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Definitely listen to the advice given on this thread! My little guy has been having the same issue since I brought him home back in July. I have actually watched him have a movement that consisted entirely of rocks! I counted 6 3/4" stones in the single movement! the situation has gotten better over the past couple of weeks...after a fretful emergency visit to our vet and the addition of A LOT of alternative chew toys. Most everyone will tell you, it comes down to the "leave it" command and lots of supervision. As far as the e-collar is concerned, I have read posts advocating both sides. Personally, I feel they are unnecessary, and have been able to rectify the problem without one.....but I also feel every dog and every situation is different.... Hope everything turns out okay! Good luck
 

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Definitely listen to the advice given on this thread! My little guy has been having the same issue since I brought him home back in July. I have actually watched him have a movement that consisted entirely of rocks! I counted 6 3/4" stones in the single movement! the situation has gotten better over the past couple of weeks...after a fretful emergency visit to our vet and the addition of A LOT of alternative chew toys. Most everyone will tell you, it comes down to the "leave it" command and lots of supervision. As far as the e-collar is concerned, I have read posts advocating both sides. Personally, I feel they are unnecessary, and have been able to rectify the problem without one.....but I also feel every dog and every situation is different.... Hope everything turns out okay! Good luck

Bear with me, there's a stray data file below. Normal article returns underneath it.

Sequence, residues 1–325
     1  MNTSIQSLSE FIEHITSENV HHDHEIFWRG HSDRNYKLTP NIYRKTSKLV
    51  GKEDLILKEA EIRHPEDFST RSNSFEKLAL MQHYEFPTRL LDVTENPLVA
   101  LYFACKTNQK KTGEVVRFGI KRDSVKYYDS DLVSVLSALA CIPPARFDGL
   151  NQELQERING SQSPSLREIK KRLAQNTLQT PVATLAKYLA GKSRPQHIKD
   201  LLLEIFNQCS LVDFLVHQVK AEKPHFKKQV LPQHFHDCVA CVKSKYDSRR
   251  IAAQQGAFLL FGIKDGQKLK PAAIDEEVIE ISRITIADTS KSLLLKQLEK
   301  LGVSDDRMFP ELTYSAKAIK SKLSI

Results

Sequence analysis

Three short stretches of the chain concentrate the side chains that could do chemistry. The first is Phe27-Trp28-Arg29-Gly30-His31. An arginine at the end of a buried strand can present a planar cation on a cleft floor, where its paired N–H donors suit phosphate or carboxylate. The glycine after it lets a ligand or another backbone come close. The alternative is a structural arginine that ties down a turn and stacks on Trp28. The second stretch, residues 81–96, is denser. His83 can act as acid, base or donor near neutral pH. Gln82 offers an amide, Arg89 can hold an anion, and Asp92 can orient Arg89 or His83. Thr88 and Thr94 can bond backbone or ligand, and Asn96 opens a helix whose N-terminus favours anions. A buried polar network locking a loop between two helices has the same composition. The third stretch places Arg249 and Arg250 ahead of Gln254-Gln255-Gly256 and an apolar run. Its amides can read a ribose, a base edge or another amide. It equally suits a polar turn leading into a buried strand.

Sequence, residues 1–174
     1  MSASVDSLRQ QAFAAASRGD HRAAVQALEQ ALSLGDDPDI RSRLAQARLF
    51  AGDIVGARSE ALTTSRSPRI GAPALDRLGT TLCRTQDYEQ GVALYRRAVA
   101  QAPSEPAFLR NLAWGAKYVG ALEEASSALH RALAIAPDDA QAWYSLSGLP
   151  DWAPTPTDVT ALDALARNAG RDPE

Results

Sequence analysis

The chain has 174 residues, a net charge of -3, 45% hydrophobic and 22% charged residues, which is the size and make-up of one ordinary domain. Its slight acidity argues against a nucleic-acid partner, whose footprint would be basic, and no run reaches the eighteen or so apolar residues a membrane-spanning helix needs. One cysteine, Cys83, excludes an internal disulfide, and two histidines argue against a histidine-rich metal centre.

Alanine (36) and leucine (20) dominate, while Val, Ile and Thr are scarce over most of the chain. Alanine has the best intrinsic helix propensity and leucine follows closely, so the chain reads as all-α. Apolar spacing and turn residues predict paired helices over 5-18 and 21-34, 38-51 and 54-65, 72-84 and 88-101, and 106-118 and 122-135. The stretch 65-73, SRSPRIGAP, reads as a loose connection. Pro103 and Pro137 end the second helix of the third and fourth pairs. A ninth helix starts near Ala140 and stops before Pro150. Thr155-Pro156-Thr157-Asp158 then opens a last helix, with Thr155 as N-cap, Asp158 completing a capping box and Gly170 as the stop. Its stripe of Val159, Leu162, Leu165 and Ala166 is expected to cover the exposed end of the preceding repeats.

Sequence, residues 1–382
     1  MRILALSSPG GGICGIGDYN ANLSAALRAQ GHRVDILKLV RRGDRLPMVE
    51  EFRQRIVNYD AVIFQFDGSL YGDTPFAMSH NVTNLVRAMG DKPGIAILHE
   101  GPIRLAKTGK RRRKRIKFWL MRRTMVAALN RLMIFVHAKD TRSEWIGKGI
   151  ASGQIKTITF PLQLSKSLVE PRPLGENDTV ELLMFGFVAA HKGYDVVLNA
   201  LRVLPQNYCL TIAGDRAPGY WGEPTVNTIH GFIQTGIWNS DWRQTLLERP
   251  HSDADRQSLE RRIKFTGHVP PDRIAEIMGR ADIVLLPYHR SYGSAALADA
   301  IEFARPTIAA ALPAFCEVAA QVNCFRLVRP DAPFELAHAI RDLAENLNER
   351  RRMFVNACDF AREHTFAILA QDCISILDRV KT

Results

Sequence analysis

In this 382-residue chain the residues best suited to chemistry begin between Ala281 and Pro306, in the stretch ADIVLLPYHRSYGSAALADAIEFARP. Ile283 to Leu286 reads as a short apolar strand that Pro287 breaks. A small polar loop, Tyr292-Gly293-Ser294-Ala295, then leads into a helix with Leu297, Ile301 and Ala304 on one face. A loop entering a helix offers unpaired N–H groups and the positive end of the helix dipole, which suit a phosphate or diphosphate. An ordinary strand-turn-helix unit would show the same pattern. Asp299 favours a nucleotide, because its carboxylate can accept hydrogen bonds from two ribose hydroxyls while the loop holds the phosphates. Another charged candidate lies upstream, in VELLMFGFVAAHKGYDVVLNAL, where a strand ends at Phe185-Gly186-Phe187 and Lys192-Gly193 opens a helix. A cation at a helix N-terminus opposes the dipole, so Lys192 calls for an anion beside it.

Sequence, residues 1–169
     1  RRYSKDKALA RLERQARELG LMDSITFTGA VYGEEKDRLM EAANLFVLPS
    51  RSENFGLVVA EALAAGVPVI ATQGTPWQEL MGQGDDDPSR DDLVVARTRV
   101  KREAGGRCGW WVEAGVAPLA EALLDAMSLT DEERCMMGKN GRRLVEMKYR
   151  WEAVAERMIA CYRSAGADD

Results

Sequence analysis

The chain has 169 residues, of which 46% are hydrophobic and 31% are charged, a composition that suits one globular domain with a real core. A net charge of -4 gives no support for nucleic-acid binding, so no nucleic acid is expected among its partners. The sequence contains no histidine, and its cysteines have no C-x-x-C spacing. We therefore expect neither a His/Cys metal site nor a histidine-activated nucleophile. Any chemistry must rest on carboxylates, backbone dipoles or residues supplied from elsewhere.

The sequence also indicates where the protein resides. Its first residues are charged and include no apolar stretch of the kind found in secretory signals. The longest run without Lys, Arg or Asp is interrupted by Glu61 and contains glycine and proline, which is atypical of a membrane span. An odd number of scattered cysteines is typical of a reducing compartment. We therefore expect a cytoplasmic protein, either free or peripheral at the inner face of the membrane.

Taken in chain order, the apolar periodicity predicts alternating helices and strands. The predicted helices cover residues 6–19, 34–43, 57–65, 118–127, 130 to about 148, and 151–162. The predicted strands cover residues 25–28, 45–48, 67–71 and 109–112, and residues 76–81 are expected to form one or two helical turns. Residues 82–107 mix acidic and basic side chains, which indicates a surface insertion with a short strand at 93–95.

lol, off topic but when you say movement...cracks me up, it was either young guns or young guns II when the sheriff dude was hunting billy the kid and had the writer with him...he kept saying he had to have a 'movement'...the other guys were like a what? The sheriff then said..."he has to have a sh*t"

:D
 

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lol, off topic but when you say movement...cracks me up, it was either young guns or young guns II when the sheriff dude was hunting billy the kid and had the writer with him...he kept saying he had to have a 'movement'...the other guys were like a what? The sheriff then said..."he has to have a sh*t"

:D
just trying to clean up a potentially sh*tty conversation lol
 

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Moose boy is almost eight months old and we can not find a toy that he does not destroy in a matter of minutes. Like somebody already said, we purchased a deer antler that worked well and he still has it. We also found a raw buffalo bone at the pet store, you actually have to keep them in the freezer until you give them to your dog because there is still raw meat, but Moose loved it and still chews on it. Moose also had a similar situation to the socks, we were cleaning the kitchen and he somehow went ninja mode on us a snatched the sponge off the counter and swallowed half of it before we knew he had it. He threw it up a few days later, it was pleasant!! He starts obedience classes next Tuesday so we are hoping to learn a lot there. Moose is our first dog/doberman ever and still can't believe how enjoyable this breed really is!!